Weight Watchers rebrand to WW. Bad move? Chris Moody thinks so and tells City AM why

This article was written by Chris Moody published by City AM

WW – the slimmed-down version of the brand formerly known as Weight Watchers – has forecast a 10 per cent drop in its membership over the first quarter of 2019. The “new year, new me” attitude should be attracting new members, but WW’s new identity has failed to tempt consumers.

Like a Kim Kardashian weight-loss lollipop, the rebrand claimed to have all the answers, bringing a big spoonful of modernity to a well-loved organisation, and moving it away from dieting and towards becoming a “wellness platform”.

But as a result of its vagueness, WW is now feeling the effects of losing a different type of pound. Primarily, this is because it forgot the one thing that matters most: the customers.

Fiddling with the name was daft. Nomenclature is notoriously one of the most difficult parts of brand identity creation – it needs to reflect everything you do, and reinforce your actions.

WW fails that test. The people who actually use it won’t call it by that name – it’s cold, it’s impersonal, it’s corporate. It loses what made Weight Watchers special: the idea that we can embrace who we are, but still make changes.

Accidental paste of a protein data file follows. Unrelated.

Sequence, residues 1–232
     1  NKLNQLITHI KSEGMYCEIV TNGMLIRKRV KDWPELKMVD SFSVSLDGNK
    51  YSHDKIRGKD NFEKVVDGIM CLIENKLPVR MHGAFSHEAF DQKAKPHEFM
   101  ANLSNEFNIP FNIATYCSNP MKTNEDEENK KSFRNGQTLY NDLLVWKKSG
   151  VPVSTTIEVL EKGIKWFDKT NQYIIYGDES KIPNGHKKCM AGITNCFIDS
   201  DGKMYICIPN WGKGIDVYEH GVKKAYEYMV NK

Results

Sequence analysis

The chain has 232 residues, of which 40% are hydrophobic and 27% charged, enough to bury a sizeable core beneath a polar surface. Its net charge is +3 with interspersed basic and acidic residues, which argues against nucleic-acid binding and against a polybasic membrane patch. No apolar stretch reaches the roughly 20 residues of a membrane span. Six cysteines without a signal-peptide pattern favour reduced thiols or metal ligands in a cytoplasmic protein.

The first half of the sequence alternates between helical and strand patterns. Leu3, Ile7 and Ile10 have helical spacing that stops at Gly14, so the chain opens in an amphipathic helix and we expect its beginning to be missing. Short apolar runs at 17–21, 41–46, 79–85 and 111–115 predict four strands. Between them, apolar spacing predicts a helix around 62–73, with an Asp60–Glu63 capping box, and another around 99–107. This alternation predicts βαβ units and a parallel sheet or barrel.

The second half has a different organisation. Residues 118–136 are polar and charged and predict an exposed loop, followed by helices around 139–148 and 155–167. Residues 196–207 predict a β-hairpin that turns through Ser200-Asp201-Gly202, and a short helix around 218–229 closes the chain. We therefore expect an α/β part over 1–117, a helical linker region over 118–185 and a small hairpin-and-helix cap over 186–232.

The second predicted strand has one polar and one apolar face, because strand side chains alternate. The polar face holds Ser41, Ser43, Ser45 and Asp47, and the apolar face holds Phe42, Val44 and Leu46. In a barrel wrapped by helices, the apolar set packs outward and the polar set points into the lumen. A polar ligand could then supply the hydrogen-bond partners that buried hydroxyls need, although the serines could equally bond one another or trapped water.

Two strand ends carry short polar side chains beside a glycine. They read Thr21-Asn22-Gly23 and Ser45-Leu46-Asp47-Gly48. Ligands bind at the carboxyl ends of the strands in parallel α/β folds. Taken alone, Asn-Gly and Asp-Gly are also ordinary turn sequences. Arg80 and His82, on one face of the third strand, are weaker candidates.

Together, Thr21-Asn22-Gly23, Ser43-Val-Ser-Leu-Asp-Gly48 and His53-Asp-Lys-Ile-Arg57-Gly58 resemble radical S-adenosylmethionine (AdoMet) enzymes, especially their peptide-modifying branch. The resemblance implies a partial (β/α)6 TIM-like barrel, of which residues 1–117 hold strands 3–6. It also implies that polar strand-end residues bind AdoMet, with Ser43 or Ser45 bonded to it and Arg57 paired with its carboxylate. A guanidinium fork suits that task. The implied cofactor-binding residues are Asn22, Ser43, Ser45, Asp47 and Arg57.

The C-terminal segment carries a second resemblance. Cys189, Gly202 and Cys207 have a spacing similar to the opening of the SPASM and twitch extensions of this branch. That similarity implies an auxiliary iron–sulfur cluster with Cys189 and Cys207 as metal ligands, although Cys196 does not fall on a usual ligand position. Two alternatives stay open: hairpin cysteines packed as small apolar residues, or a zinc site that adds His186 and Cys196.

WW needs to bring that feeling back, and acknowledge that its core DNA could still make it stand out, by being communal, local, and above all personable and relatable.

The brand is relying on Oprah Winfrey to communicate more effectively to its customers, and she’ll be heading up its spring ad campaign. But this is not enough to bridge the divide that it has created in becoming WW.

In fact, it feels like it’s doubling down on its distance from real life. Oprah is about as far from #relatable as you can get. She’s a goddess from Planet Awesome – not a mate who’s going to empathise with your comfort eating.

WW has bags of potential and a strong ethos. It’s a positive, understanding brand that is built around helping people live healthier lifestyles, while advocating for its members to be proud of the bodies they have already.

We’ve seen other organisations get this message right. Sport England’s “This Girl Can” and Virgin Active’s “Enough” campaigns prove that healthy living can be approached with charm, style, and wit.

Brands are like software. They must evolve and adapt to the world that they find themselves in. However, too often businesses underestimate the very tangible value of their brand DNA.

WW is a community group: its users aren’t interested in bland, uniform, tech-inspired identities. They want to watch themselves and people like them change for the better. WW needs to stop looking for an easy fix, and work on its core proposition if it wants lasting results for its brand.

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